Wednesday, June 24, 2009
Copyright Reform Back on Course?
There's very encouraging news from Michael Geist, who was at Monday's exclusive government digital agenda pow wow.
There are strong indications that Ministers Clement and Moore really "get it" when it comes to copyright reform and its relation to innovation, and matters generally digital and cultural.
Minister Clement, who has incredibly important responsibilities for everything from competition to communications to copyright, notes that a lot has changed since Bill C-61. And the twittering, young, and very tech savvy Minister Moore once again prominently notes Michael Geist's tweets as a positive example of all that can be done with the various gadgets that he carries in his pockets and uses so often and so well.
All of these positive statements and strong hints at what could be a very exciting and constructive consultation process can be seen on Michael's posting today.
Lobbying organizations such as CRIA and CMPDA, which have clearly spent a fortune trying to hijack the copyright policy agenda in Canada for their members' special purposes and engage in "policy laundering" regarding their own role, may be worried about ministers who actually care about balance, innovation, cool technology and culture - and who are clearly listening to voices other than those of the usual suspects.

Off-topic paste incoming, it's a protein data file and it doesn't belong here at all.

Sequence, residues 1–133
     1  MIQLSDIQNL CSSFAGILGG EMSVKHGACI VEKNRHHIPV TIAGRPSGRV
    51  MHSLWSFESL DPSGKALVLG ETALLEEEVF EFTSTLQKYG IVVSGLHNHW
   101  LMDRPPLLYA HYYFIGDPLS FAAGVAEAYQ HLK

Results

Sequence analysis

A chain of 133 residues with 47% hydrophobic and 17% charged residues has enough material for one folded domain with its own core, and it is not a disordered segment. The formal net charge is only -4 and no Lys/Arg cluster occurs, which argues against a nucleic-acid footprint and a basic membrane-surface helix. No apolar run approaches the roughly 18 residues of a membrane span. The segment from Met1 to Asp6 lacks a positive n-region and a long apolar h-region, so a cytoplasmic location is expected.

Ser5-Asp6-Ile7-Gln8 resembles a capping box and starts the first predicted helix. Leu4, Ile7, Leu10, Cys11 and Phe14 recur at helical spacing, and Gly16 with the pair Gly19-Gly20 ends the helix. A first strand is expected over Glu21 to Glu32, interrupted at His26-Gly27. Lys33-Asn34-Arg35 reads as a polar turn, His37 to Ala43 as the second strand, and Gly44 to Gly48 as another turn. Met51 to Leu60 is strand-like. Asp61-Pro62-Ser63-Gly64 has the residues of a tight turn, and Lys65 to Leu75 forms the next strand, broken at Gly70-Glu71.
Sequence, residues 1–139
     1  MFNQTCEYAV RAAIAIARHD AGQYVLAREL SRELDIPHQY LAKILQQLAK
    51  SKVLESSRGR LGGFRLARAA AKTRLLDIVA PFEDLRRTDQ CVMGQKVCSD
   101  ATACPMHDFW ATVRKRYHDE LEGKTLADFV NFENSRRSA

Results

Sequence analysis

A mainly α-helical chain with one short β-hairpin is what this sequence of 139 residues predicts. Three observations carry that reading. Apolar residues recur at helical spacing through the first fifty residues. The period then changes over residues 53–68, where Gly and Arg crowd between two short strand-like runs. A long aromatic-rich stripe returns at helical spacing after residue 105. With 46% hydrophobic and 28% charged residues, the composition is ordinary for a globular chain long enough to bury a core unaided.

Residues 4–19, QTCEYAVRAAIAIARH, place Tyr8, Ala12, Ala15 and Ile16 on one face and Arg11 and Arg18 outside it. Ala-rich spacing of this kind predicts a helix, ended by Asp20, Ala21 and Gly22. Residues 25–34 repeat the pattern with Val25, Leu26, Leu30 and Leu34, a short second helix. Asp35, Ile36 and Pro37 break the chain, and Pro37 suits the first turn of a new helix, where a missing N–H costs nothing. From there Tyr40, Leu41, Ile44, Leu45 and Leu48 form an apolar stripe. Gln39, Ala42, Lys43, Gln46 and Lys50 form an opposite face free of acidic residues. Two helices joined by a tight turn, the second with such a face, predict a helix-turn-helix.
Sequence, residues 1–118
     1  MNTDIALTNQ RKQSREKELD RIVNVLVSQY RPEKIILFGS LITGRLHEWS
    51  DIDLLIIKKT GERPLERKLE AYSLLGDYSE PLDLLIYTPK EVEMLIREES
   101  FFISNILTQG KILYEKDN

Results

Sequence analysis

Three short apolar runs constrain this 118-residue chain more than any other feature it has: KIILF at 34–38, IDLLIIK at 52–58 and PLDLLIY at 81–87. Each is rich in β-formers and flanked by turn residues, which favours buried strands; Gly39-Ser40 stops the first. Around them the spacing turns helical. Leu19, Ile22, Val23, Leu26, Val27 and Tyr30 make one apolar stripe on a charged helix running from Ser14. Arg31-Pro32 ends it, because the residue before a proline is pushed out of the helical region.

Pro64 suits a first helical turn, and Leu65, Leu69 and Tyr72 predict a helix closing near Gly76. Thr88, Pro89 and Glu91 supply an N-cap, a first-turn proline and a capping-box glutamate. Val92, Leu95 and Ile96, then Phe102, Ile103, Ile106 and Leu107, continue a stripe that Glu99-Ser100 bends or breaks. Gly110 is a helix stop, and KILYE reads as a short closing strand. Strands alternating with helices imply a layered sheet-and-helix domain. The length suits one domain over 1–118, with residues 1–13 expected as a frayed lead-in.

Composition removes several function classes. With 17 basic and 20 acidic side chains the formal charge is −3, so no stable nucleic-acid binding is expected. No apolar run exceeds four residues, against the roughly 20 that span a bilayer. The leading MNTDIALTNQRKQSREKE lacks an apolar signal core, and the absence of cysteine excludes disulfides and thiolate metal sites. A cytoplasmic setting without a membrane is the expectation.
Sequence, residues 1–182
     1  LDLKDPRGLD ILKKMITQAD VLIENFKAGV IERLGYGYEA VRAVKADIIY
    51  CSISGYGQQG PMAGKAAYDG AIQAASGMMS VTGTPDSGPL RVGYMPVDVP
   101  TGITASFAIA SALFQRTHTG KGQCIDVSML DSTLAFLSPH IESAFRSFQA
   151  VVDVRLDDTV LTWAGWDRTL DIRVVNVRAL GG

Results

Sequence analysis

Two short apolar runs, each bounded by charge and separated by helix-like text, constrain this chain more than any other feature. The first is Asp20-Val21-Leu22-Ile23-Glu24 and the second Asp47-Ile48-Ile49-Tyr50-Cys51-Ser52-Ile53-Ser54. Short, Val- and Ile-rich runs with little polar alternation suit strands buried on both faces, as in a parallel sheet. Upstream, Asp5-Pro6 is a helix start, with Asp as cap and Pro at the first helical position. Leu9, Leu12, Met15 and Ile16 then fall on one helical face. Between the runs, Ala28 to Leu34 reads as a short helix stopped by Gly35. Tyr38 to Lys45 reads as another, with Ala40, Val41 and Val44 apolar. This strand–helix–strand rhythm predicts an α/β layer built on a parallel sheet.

Could Canada get back on track and show some world leadership here? That would be cool indeed.
Clearly, what we are currently seeing in France, the UK, and in the USA is not the way to go. Any smart politician - and both Ministers are clearly very smart - can see that directions such as three strikes, statutory minimum damages against individuals, and digital lock downs are neither good policy nor good politics.
This could be an interesting and hopefully very productive summer.
Hopefully, we finally have the right Ministers, the right officials, the right politics and the right timing to modernize Canada's copyright law in a constructive, balanced and forward thinking manner - rather than resorting to desperate and artificial attempts to preserve failed and obsolete business models.